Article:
The travels on my plate.

There are some advantages to the Doctor in the house being away. Which he is, a lot.

Mealtimes are just for me. Fishfinger sandwiches were one of the first things I ever wrote about on here.

Last night however, was a bit more elaborate. I enjoy my food, relish strong flavours and sometimes a meal can take me somewhere else completely in my head. Yesterday evening had me eating tofu with ginger, pak choi and jasmine rice. It was delicious. The recipe called for Sake, and the heady scent of plums, or is it cherries, took me straight to a Japanese snow covered mountainside.

Somewhere like this...

Somewhere like this…

I have never been to Japan and one day I would love to go. When the silence closes in around me, when the children have gone to bed and the quietness of the house hangs around me like a cloak, I think of places I have been to or might go to in the future. Those ‘glamorous getaways’ that I am sent emails about and that I can only sigh at before pressing the delete button.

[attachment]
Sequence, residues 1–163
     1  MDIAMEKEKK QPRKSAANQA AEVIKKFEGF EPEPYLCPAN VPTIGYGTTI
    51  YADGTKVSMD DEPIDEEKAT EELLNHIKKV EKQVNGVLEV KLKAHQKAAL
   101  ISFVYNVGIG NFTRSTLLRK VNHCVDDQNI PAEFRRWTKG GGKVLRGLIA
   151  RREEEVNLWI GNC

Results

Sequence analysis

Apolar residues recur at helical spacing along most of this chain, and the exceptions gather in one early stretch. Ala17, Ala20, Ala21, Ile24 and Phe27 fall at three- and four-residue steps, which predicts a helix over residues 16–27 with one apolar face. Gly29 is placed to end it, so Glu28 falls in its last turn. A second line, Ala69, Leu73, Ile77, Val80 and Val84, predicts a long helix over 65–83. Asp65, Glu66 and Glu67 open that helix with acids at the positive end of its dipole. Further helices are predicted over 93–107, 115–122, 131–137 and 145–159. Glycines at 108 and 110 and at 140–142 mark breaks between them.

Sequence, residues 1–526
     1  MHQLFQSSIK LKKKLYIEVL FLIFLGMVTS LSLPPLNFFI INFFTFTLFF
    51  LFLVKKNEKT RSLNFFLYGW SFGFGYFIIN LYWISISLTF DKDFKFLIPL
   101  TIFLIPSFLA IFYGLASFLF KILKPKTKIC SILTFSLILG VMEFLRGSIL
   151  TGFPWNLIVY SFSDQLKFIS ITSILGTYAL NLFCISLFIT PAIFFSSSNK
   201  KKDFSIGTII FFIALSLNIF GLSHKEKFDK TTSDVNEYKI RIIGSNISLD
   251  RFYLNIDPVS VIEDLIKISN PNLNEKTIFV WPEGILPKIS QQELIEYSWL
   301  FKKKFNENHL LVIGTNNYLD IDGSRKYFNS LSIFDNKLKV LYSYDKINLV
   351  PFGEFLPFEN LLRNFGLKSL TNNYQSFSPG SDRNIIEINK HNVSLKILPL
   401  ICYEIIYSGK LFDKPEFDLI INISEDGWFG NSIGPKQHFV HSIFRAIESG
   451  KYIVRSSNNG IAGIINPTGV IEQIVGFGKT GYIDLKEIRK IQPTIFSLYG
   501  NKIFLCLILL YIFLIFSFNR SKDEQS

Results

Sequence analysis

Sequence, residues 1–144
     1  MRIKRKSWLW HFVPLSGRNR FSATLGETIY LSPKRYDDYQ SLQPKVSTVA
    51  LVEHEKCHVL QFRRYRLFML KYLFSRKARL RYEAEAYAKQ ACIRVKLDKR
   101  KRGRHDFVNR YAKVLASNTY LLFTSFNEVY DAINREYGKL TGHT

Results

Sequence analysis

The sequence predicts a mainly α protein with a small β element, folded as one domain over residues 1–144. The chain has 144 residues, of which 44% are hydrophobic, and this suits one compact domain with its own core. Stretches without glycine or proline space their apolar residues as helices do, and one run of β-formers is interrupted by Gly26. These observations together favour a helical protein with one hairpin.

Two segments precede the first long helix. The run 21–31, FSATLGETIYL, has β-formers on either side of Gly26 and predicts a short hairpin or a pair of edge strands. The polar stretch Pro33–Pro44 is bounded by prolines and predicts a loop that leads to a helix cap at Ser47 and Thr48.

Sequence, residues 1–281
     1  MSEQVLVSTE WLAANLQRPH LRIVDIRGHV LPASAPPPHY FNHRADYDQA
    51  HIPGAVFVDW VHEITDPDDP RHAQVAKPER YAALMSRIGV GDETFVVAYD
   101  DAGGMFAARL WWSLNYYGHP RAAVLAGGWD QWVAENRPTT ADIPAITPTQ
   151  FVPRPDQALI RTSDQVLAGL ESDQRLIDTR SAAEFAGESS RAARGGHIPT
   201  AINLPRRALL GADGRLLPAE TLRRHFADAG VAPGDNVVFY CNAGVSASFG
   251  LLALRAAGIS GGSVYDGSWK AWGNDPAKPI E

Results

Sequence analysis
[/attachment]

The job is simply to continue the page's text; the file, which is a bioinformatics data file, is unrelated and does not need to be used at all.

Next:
Cooking has never been quite the same for me since I had children. My eldest son, at nine, is convinced that most food is actually poisonous. Black bits, green bits, fatty bits, lumpy bits? All qualify food for instant rejection. Don’t even mention fruit. Don’t even talk about it.

Then there is my daughter, who will gnaw on bits of meat like some kind of warrior queen. Provide her with a piece of steak that looks so rare that it is possible that the cow only just walked past the frying pan before ending up on the plate, and you will be greeted with a beatific smile. The little one is somewhere in between the two of them. I can never, ever, make them all happy at once.

Sometimes I like to forget the need to take a deep breath before putting a family meal on the table. Instead of waiting for a vote out of ten, or a thumbs up or down, I will eat a Thai curry with creamy coconut and the twang of kaffir lime leaves, remembering the time I spent in Bangkok in my twenties.

I will smell the rich enveloping fragrance of a lemony, buttery roast chicken and recall Sunday lunches for fourteen at my Grandma’s house, getting slightly tipsy on homemade ginger beer, and being allowed whipped cream from a can on my ice-cream for pudding.

Hand me a paper parcel of fat golden chips and freshly battered cod and I will be instantly transported to a pebbly Suffolk beach, on holiday, the sea so far away from where I am now.

I can’t wait until my children really start to love their food all the time, as sometimes they show me they do. They are missing out. In a world full of diet shakes, calorie counting and low fat, low taste, are you?

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